Overview

You’ve probably heard there’s a link between blood clots and flying. But what does that mean for you and your future flight plans? Read on to learn everything you need to know about blood clots, your risk, and how to prevent them when flying.

What is deep vein thrombosis?

When talking about the risk of blood clots while flying, it’s deep vein thrombosis (DVT) that’s of particular concern. DVT is a potentially life-threatening condition in which a blood clot forms in one of your body’s deep veins, typically in one of your legs. These clots are extremely dangerous. They can break off and travel to your lungs, leading to a condition known as pulmonary embolism (PE).

In some cases, DVT may not present symptoms, while others may experience:

  • swelling in the foot, ankle, or leg, usually only on one side
  • cramping pain, which typically begins in the calf
  • severe, unexplained pain in the foot or ankle
  • a patch of skin that feels warmer to the touch than skin surrounding it
  • a patch of skin that turns pale, or turns a reddish or bluish color

Signs of a PE may include:

  • dizziness
  • sweating
  • chest pain that becomes worse after coughing or deep inhales
  • rapid breathing
  • coughing up blood
  • rapid heart rate

Symptoms of DVT and PE, collectively referred to as venous thromboembolism (VTE), may not occur for several weeks after a flight.

The connection between DVT and flying

Sitting for extended periods of time in cramped airplane seats may slow blood circulation and increase your risk for DVT. Prolonged inactivity and dry cabin air seem to contribute to the risk.

While there’s some debate as to the connection, some studies have found evidence that the prevalence of DVT within 48 hours of flying on a plane is 2 to 10 percent. That’s the same rate that people in hospitals develop DVT. Staying in a hospital is another risk factor for DVT.

The risk, however, varies greatly among passengers. In general, the longer the flight, the higher the risk. Flights lasting more than eight hours are thought to pose the most risk.

You’re more likely to develop DVT while on a plane if you have any of the other risk factors for it. These include:

  • being over age 50
  • having veins that have been damaged in an injury in the lower extremities, such as from a fractured bone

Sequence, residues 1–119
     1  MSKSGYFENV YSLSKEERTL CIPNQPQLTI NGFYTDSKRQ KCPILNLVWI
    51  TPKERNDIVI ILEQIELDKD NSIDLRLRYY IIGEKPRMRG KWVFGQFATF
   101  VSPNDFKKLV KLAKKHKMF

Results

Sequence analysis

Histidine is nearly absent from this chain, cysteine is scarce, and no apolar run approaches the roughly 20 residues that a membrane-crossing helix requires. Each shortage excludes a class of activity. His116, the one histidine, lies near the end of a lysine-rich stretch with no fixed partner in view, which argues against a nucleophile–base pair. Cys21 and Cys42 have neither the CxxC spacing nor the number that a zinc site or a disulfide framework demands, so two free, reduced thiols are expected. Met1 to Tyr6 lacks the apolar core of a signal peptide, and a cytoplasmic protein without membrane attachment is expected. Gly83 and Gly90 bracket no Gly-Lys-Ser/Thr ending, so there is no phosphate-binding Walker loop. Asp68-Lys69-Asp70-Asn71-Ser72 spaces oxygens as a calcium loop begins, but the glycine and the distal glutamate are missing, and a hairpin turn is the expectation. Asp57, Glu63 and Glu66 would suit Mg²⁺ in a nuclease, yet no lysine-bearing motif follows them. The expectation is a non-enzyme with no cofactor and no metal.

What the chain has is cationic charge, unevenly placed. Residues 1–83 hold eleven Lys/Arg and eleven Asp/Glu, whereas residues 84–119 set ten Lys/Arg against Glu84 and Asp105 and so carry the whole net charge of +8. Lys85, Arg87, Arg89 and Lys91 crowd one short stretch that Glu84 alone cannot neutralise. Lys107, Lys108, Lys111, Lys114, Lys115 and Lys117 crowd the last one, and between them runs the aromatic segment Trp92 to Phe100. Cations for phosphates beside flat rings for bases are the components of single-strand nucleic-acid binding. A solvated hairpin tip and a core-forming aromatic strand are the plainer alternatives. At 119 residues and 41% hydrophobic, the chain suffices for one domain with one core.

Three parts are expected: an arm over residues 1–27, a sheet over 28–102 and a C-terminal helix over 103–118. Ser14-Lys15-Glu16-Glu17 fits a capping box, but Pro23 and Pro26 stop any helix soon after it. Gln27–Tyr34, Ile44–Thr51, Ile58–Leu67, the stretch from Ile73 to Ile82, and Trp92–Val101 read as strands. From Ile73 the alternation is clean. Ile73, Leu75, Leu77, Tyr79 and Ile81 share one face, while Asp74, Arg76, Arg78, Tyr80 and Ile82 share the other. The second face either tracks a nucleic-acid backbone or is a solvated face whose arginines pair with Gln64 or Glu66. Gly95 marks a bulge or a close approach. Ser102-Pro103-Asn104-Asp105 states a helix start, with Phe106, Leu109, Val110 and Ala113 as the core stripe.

• being overweight
  • varicose veins in your legs
  • having a genetic clotting disorder
  • having a family history of DVT
  • having a catheter placed in a vein in the lower extremities
  • taking birth control pills
  • undergoing hormone therapy
  • being pregnant or having given birth in the past month
  • smoking

Flying after blood clots

If you’ve received a diagnosis of DVT in the past or have a family history of blood clots, you’re at an increased risk for developing them while flying. That doesn’t mean you’ll never be able to fly again. Some experts recommend waiting to fly on an airplane for at least four weeks after having DVT or PE, but talk to your doctor about this.

Also talk to your doctor to determine what precautions you should take before flying. In addition to general recommendations for preventing blood clots, they may suggest the following precautions:

  • sitting in an exit row or bulkhead seat to increase legroom
  • wearing compression stockings
  • taking prescription blood thinners or aspirin
  • using a foot or calf pneumatic compression device, which fills with air and squeezes your legs to increase blood flow through the veins
  • exercises for your feet and legs while flying

When to seek help

If you have any of the symptoms of DVT, or are at high risk of developing it, see your doctor for an evaluation. DVT and PE may not occur for several days and up to two weeks after travel.

In some cases, DVT will resolve on its own. In other cases, however, treatment will be necessary. Treatment may include:

  • medication, such as blood thinners and those that break up clots
  • compression stockings
  • the placement of a filter inside the body to stop clots from entering your lungs

Preventing DVT while flying

You can reduce your risk for DVT by taking some precautions during a flight:

  • move around as often as possible by walking in the aisles when allowed
  • avoid crossing your legs
  • avoid wearing tight clothes that can restrict blood flow
  • stay hydrated, and avoid alcohol before and during travel
  • stretch legs and feet while sitting

There are also some exercises you can try while seated. These may help keep your blood flowing and reduce your risk for clots:

  • Extend your legs straight out in front and flex your ankles. Pull up and spread your toes, then push down and curl your toes. Repeat for 10 times. Remove your shoes if necessary.
  • If there isn’t room to extend your legs, start with your feet flat on the floor and push down and curl your toes while lifting your heels from the floor. Then, with your heels back on the floor, lift and spread your toes. Repeat 10 times.
  • Exercise your thigh muscles by sitting with your feet flat on the floor and sliding your feet forward a few inches, then sliding them back. Repeat 10 times.

The takeaway

DVT is a serious condition that can become life-threatening if not treated. Flying may increase your risk for developing DVT, but the risk is low for most people.

There are simple steps you can take to minimize your risk depending on your health history. Knowing the signs and symptoms of DVT and PE and taking steps to reduce your risk are the best ways to fly safely.